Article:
Most Holocaust research immediately after the liberation of the concentration camps centered on the perpetrators: to identify, find, and prosecute them; also to help historians trace the evolution of the Shoah. But the survivors who played an essential role in providing this evidence were seldom asked about their present lives or concerns relevant to rebuilding families and communities. The one major exception was David Boder, a psychology professor who interviewed in 1946 over 100 Jewish and non-Jewish survivors in European displaced-persons camps. His work, however, remained largely unknown because he published only eight translated excerpts of his interviews in 1949 with the title I Did Not Interview the Dead. In 1961, the Eichmann trial brought the personal experiences of survivors to the fore. Radio-broadcast in its entirety, with over 100 witnesses testifying, the interviews allow the survivors’ distinctive voices and personalities to break through. They were viewed as individuals again, rescued, as Haim Gouri remarked in his account of the trial, Facing the Glass Booth, “from the danger of … being perceived as all alike, all shrouded in the same immense anonymity.”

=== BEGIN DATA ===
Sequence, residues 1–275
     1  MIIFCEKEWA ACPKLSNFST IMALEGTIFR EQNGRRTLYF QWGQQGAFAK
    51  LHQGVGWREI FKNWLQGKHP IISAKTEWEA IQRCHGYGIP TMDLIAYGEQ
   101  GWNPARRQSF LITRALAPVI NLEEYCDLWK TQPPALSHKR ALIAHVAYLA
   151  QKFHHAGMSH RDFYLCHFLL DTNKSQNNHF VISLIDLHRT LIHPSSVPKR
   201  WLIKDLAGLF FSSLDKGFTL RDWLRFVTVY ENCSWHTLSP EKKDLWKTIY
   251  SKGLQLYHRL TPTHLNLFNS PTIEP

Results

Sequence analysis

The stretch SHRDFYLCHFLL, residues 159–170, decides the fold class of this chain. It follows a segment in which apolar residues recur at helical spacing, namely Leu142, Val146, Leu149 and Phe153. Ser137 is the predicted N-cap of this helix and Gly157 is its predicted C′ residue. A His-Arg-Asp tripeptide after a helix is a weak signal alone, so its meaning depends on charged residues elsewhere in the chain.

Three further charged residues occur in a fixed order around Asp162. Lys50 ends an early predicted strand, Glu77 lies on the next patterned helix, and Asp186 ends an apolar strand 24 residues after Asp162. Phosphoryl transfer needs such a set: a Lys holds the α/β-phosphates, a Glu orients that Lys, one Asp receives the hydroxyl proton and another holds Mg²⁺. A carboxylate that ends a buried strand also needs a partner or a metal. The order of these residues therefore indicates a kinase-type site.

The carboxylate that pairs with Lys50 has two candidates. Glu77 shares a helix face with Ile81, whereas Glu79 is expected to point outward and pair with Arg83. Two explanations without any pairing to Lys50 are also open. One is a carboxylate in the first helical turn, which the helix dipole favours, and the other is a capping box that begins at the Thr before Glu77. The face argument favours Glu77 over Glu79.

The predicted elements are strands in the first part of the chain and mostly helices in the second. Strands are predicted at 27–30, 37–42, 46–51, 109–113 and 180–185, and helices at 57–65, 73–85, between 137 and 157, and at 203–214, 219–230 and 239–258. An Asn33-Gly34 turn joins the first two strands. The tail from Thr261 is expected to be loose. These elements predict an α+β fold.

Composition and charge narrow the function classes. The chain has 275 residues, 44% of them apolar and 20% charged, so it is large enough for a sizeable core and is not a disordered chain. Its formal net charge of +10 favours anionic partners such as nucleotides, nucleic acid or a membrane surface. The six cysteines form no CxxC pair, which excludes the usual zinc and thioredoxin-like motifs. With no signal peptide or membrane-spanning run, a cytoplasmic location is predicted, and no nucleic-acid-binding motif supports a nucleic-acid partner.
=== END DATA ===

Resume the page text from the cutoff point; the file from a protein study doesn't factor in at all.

The Fortunoff Archive recast Holocaust survivor testimony as an extra-juridical genre—an oral and populist form of expression that opened the way for survivors or other eyewitnesses to tell what they knew. In doing so, the archive and its dedicated collaborators have done more than contribute to Holocaust studies. They also helped to expand the concept and appreciation of oral history, of memory and trauma studies, and what has recently been named “media witnessing.”